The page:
Friday, October 7, 2011


This week we talked a lot about class, diversity and culture. When we think about what kind of social class a person is in, we usually think of the following: money, income, education, home, neighborhood, toys (cars, ATVs, snowmobiles, etc), name, appearance, friends and associates, occupation, etc. We could keep going on. Isn't it true though? Then our teacher had a split into pairs and asked us, what is your socioeconomic class? Thinking about where I grew up and the income that my parents had, I put down low middle class. I'm from a small town in Wisconsin. There are lots of farmers and small business owners. Usually if you make a decent pay, you travel outside the town for work. I placed my family at the lower end of the middle class spectrum. My family doesn't have "toys" or a big house. We get what we need, with some to spare. My parents are frugal. I think that's where I get it from. 
I think sometimes we judge others for what they have or don't have. I think the lesson that is pulled out of this, is not to judge others. So many times I have caught myself thinking poorly about someone who has all the luxuries or who doesn't have any. I have thought about myself as being a higher than others. My dad serves as the Stake President back home. Knowing that, I would use it to do things. I thought that since I was his daughter, it gave me special privileges. But in all reality it doesn't. I think it also is important to understand that everyone comes from a different background. We each have our own experiences that has shaped our own "culture" and class. Whether or not we have the name or  have the money, we all are loved by our Heavenly Father. We are part of His class and that's all that matters.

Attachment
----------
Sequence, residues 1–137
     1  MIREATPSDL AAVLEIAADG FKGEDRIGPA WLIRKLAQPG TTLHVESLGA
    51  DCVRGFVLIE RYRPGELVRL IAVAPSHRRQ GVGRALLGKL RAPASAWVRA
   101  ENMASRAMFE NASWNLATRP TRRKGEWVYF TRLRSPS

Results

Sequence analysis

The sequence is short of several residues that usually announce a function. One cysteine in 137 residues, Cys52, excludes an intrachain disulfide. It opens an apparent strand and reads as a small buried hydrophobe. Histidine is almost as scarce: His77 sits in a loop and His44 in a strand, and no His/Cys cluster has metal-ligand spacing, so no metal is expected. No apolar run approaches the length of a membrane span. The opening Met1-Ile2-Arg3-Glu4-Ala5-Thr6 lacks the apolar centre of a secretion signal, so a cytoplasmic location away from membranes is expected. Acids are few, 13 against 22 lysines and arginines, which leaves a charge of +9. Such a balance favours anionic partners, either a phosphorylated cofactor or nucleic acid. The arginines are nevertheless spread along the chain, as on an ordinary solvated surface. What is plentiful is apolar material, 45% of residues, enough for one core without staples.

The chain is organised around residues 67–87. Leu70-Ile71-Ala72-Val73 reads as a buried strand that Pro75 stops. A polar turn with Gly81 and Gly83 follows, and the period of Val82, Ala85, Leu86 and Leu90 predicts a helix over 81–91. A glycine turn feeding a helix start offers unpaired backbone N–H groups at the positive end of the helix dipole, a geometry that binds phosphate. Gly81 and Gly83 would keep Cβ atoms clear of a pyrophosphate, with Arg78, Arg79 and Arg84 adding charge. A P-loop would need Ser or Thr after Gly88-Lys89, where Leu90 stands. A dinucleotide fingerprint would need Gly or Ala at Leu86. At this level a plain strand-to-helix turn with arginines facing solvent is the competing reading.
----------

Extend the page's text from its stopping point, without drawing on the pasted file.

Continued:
1 comment:

  1. i LOVE the last three sentences here. diversity and culture were always a very intense topic for me, considering my family and my heritage. but you are totally right. it doesn't matter where we we grew up, what our skin color is, how much money we make... He loves us anyways. and that's whats important.